All businesses are taking extra care with budgets and there is no room for waste. However, because small businesses don’t benefit from the same economies of scale as large businesses, it’s even more critical to take control of the budget. Why not spend a few minutes working your way through this checklist in case there are any new ideas you haven’t tried yet?
Most businesses work to targets, whether that’s a sales target, or a footfall target. So, a good way to motivate yourself to improve your budget control is to set yourself a reduction target. For example, if you set yourself a five per cent budget reduction target for the next year, then that is much more likely to motivate you into sitting down and looking for areas to cut. To ensure that you’re on track, it’s a good idea to put regular budget slots in your diary. That way, you have time planned to deal with budgetary matters.
Gas and electricity prices can be a worry but there are lots of ways to cut down on usage. For example, take a look at your opening hours. Many small business owners are on the premises a long time before opening and a long time after closing. Consider whether this is really necessary, or whether you’ve been drawn into the habit. If you’re not the first in and last out, make sure that your employees aren’t falling into the habit of face time at the cost of your power bills. To get a better idea of power peaks and troughs, invest in a small wireless monitor. This can be installed in minutes and only costs a few pounds. Very quickly, you will be able to establish whether power usage is matched by productivity and you’ll be able to adjust your opening hours accordingly.
No one likes to cut staff hours or lay people off. However, in difficult times, sometimes there’s no choice. Before going ahead, it’s worth finding out whether anyone would like to reduce their hours voluntarily. It may be that one or more of your staff would like to work shorter hours so they can pursue another interest, take a part-time course or spend more time with family. Before taking any action though, it’s well worth checking the ACAS website to make sure you’ve taken account of all the ins and outs first.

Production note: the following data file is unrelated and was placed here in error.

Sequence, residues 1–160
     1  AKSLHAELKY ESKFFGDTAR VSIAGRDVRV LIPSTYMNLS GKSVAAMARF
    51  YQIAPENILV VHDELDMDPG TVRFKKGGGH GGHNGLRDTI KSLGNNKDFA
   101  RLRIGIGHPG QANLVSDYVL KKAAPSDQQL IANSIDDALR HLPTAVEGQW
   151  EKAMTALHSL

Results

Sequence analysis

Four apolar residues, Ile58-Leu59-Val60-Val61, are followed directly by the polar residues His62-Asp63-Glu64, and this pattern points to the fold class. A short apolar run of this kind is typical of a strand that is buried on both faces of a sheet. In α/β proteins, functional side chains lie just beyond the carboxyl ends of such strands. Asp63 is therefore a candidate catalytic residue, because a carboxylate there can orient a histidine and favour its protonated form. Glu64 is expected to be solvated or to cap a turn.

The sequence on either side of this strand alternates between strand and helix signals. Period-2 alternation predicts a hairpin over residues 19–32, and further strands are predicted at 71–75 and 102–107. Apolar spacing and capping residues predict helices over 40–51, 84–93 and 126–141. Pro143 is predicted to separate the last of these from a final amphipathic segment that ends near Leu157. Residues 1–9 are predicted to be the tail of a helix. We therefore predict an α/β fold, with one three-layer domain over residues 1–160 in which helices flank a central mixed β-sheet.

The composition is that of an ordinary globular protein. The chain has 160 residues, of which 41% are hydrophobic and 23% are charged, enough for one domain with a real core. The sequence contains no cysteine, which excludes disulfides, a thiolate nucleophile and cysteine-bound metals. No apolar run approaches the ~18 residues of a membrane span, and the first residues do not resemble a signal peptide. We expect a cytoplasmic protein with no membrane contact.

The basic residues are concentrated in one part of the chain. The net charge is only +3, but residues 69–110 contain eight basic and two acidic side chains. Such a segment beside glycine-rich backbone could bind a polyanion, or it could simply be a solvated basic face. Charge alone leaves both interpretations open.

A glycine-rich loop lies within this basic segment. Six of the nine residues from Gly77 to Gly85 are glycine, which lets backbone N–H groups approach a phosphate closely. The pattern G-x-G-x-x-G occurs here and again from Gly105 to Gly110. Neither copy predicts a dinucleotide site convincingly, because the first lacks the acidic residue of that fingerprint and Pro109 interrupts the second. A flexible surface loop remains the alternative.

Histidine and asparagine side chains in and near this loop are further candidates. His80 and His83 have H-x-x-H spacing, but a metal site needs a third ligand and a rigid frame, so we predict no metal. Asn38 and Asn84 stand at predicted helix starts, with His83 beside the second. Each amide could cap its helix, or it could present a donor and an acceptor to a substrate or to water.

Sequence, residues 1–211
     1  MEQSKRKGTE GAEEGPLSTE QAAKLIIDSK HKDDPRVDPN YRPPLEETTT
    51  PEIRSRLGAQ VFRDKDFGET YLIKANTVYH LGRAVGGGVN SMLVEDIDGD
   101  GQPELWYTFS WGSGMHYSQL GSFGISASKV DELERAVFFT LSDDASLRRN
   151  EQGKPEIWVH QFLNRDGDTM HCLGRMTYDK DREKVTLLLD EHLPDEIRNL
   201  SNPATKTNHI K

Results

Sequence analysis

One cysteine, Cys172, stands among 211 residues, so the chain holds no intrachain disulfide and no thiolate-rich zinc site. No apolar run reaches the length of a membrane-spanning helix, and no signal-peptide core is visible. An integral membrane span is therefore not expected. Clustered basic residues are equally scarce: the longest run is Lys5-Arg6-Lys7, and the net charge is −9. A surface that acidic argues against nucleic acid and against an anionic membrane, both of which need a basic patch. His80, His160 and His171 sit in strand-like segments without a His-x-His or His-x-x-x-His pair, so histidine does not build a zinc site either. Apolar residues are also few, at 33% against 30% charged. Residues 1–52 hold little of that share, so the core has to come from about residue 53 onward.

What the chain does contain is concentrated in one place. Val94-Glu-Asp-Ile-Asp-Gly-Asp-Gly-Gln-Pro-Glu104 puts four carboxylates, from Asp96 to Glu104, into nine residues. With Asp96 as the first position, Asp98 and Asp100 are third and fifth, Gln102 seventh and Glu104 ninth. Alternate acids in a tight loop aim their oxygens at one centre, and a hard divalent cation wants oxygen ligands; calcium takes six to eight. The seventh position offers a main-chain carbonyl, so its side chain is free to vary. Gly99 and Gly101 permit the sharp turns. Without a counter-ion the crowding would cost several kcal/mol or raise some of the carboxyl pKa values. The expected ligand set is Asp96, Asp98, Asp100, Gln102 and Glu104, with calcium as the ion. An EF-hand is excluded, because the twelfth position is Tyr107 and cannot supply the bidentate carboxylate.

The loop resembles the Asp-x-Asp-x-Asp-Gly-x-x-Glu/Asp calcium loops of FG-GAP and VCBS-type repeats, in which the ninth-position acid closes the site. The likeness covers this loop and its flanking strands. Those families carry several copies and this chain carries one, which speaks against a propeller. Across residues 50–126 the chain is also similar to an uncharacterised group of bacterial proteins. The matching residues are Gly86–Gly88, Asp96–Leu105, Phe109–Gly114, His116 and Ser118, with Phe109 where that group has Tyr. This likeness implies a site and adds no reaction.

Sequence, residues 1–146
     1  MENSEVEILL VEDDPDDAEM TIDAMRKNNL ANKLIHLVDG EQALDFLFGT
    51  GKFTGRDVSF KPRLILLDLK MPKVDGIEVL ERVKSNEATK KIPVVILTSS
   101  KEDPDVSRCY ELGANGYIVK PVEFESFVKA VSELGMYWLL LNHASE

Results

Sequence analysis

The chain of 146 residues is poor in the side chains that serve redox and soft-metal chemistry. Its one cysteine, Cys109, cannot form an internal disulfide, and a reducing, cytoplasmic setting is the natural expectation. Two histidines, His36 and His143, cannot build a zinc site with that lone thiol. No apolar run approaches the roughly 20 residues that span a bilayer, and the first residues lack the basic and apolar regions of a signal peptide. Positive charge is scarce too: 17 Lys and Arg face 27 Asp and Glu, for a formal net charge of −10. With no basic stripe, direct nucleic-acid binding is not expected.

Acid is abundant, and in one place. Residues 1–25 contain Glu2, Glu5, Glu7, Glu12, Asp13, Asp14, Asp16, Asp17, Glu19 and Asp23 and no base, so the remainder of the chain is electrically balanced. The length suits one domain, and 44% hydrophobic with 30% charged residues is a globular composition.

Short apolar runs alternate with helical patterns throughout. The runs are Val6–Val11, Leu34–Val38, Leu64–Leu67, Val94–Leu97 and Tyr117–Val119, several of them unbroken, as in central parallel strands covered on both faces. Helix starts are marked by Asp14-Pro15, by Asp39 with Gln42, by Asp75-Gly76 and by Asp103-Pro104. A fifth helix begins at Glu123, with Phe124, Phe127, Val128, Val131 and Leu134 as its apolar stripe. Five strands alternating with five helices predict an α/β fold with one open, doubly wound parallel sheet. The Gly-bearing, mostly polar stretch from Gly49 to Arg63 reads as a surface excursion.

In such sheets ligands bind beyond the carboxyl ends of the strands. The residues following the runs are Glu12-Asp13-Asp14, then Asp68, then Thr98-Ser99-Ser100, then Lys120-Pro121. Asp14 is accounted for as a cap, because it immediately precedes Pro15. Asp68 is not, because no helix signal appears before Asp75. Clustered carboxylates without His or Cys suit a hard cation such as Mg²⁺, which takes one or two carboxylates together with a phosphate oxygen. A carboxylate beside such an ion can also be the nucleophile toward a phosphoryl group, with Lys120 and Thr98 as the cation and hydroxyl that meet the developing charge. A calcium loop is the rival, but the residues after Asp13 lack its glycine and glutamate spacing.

Scrutinise your suppliers and determine whether you could get more for less money. Many suppliers rely on customer inertia to get away with pricing that is less competitive than it might be. Even if you’re otherwise happy with your suppliers, it’s worth opening up discussions. They may be willing to cut a deal with you as it’s usually cheaper for them to retain loyal customers than it is to go out and find new ones. Work your way methodically through every supplier, from your gas provider through to the window cleaner and get the best deal you can.
Don’t be Stationary with Stationery
Carry out an audit of working practices and ask yourself (honestly) whether they’re as effective and efficient as they might be. For example, if you regularly send out festive cards to your customers, consider whether an electronic message might be just as well received. This will save a small fortune in time, stationery and postage. Similarly, if you regularly send customers reminders and other letters, why not think about putting in place an email reminder system? Again, this saves time, stationery and postage and may well be more convenient for your customers.
By setting aside a small amount of time on a regular basis, it is possible to make a significant difference to your outgoings. Keep up the good work by scheduling a yearly budget meeting with yourself to review the year ahead and ensure that your business is not paying out more money than it needs to. That way, you can minimise the impact of annual inflation on your company.
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